This article is part of PharmTech's supplement "Bioprocessing and Sterile Manufacturing 2010."
Figure 1: Companies producing small molecules and biopharmaceuticals versus biopharmaceuticals only.
It is hard to ignore the asendancy of biopharmaceuticals within the pharmaceutical industry. First, there were the megamerg-ers:
Pfizer-Wyeth, Merck-Schering-Plough, and Roche-Genentech, motivated in part by Pfizer, Merck, and Roche s desire to improve
their biopharmaceutical positions. Then there was the defection of Roche from the Pharmaceutical Research and Manufacturers
of America (PhRMA) to the Biotechnology Industry Organization (BIO) to better brand itself as a biopharmaceutical manufacturer.
Finally, we have the results from our 2010 Bioprocessing Survey: Practically a quarter of respondents say their companies
just entered the biopharmaceutical manufacturing space in 2009, and over 50% of respondents report that their companies added
biopharmaceutical manufacturing capacity in 2009. We reached out to the readers of Pharmaceutical Technology, Pharmaceutical Technology Europe, and BioPharm International to take the pulse of the biopharmaceutical sector. More than 380 industry insiders, representing small biotechs and large
pharmaceutical companies with revenues ranging from under $50 million to over $50 billion, in the US and abroad, completed
the survey in January. What follows is a snapshot of the current biopharmaceutical industry—its products, challenges, triumphs,
Products and processes
Almost 48% of respondents work for companies that produce biopharmaceuticals exclusively; the remaining 52% work for companies
that produce both small-molecule drugs and biopharmaceuticals (see Figure 1). Twenty-five percent of respondents just entered
the biopharmaceutical space in 2009, and 56% of all respondents report that their companies increased their biomanufacturing
capacity within the past year.
There was a clear pattern, in terms of the revenue levels of companies adding biopharmaceutical capacity. About a quarter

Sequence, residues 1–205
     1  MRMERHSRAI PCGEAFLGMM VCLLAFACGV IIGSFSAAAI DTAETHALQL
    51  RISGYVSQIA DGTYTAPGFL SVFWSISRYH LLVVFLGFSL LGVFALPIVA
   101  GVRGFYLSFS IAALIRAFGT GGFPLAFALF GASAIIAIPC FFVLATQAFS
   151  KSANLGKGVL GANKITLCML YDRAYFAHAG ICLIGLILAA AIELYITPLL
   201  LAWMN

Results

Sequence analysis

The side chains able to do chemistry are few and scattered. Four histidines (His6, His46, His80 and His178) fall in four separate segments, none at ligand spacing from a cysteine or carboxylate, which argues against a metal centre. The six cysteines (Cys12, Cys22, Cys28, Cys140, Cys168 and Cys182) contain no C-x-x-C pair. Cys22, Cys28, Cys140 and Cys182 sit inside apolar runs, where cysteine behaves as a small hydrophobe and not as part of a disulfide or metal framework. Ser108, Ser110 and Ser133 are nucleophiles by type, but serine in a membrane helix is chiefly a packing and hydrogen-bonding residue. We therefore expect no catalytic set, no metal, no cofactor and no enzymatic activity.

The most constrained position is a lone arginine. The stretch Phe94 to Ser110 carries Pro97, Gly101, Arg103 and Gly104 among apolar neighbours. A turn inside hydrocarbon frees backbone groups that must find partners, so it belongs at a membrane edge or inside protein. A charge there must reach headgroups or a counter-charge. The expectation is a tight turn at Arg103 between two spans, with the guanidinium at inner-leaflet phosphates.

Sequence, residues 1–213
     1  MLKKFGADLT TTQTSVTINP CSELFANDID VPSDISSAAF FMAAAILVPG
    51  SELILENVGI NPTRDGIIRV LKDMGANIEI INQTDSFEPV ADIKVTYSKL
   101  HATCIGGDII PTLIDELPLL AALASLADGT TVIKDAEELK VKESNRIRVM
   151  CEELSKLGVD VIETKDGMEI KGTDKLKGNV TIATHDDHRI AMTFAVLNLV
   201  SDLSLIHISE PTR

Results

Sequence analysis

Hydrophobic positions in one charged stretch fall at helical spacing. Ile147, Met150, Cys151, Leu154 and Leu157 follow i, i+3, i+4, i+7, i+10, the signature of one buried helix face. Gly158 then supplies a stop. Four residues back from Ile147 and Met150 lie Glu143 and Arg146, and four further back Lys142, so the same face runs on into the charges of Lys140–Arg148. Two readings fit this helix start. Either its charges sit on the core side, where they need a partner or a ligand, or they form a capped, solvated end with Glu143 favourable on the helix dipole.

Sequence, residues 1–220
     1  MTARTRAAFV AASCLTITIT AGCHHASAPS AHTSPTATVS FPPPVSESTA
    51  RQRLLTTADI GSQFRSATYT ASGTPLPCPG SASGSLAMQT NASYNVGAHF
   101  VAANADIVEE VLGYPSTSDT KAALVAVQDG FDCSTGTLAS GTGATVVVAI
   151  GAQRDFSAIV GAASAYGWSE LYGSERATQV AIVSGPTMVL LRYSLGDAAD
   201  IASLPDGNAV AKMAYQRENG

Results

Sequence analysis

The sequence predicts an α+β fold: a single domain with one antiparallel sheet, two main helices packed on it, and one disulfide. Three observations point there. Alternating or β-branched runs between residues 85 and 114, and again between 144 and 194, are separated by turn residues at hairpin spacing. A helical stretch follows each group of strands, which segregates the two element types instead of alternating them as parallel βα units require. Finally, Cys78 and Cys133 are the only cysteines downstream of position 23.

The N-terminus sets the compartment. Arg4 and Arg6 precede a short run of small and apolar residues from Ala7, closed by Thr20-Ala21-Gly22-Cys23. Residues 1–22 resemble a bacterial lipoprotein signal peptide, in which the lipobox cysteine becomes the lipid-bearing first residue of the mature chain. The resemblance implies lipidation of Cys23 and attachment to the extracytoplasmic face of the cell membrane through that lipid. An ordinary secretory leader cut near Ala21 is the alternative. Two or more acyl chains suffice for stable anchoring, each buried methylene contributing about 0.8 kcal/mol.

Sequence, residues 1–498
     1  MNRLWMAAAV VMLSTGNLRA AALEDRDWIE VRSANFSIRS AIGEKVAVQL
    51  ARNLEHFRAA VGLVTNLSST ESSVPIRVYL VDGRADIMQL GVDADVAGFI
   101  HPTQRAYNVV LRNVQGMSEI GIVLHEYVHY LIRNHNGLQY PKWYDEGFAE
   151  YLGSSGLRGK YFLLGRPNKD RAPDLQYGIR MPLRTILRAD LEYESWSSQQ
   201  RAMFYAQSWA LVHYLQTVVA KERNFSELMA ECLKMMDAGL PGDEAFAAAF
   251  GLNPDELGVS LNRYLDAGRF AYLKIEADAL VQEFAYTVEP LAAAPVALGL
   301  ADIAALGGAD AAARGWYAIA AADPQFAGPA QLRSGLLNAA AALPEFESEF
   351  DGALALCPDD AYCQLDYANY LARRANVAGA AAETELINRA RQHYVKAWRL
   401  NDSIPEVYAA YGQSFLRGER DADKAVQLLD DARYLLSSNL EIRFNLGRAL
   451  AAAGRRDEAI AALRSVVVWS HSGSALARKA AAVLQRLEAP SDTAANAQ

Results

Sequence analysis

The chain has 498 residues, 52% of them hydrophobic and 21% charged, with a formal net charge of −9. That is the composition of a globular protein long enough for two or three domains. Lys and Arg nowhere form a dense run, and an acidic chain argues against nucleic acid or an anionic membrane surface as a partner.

of those adding capacity work for companies with annual revenues under $250 million, suggesting that these small-cap companies
are late-stage biotech startups installing capacity for their first few products. The percentages dip down among the mid-cap
companies and then rises again, to about 27% of respondents from large-cap companies with annual revenues in excess of $10
billion adding capacity. These numbers may well reflect capacity acquired through this year s megamergers.
Among those adding capacity this year, 51% increased production of an existing product (versus 59% last year); 53% added new
products to their line. Twenty-one percent added capacity through the acquisition of a new company with a biomanufacturing
program (down from 28% last year), and 20% in-licensed drug products (down from 24% last year) (see Figure 2)
Figure 3: Classes of compounds produced by respondents (multiple answers allowed).
Respondents produce the same product classes as last year and in approximately the same relative proportions (see Figure 3).
Nevertheless, some product classes have seen small declines over last year's levels, possibly reflecting the fact that companies
are shelving some riskier product lines. At 54%, the highest product class remains protein-based drugs other than monoclonal
antibodies (mAbs). mAbs came in second, with 40%, followed closely by vaccine production, at 36%. This year, only 12% of respondents
say their companies produce nucleic-acid based products, down from 18% last year, and 10% say their companies are involved
in the production of cells for tissue- and/or cell-based therapies, a drop of 7% from last year's level. Forty-one percent
of respondents anticipate that their companies will manufacture follow-on biologics, while 22% say their companies will not.
The remainder do not know.
Figure 4: Current technical challenges confronting manufacturers of protein-based drugs (multiple answers allowed).
Protein producers continue to grapple with problems producing high-enough yields (49% of respondents who produce protein-based
products), purifying the high yields they do produce (47%), and stabilizing the product (43%). Formulation (29%) and regulatory
issues (29%) are also problems for respondents (see Figure 4). For those working with nucleic-acid-based drugs, delivery and
purification top the list of challenges, with each of those troubling about 40% of respondents. And nearly 40% of respondents
also had problems with regulatory issues, stability, or formulation. In fact, for producers of nucleic-acid-based drugs, the
only thing that seemed not to be a challenge was expression levels, with only 20% reporting some difficulty.
Process development and scale-up were the two largest challenges confronting manufacturers of cells-for-tissue and cell-based
therapies, with about 45% reporting difficulty with each of these two aspects. Other challenges included formulation (confronting
a little over 40% of respondents), followed by stability, regulatory, and cost issues for about 30% of respondents each.
Vaccine manufacturers prefer cell-to egg-based production systems about 2 to 1, and 30% of those using egg-based systems plan
on changing to cell-based systems. Those who don't plan to switch cite higher product yields and lower costs as reasons. However,
almost 70% say they'd consider moving to an egg-based system if the costs of retrofitting an egg-based operation to accommodate
a cell-based process were sufficiently low.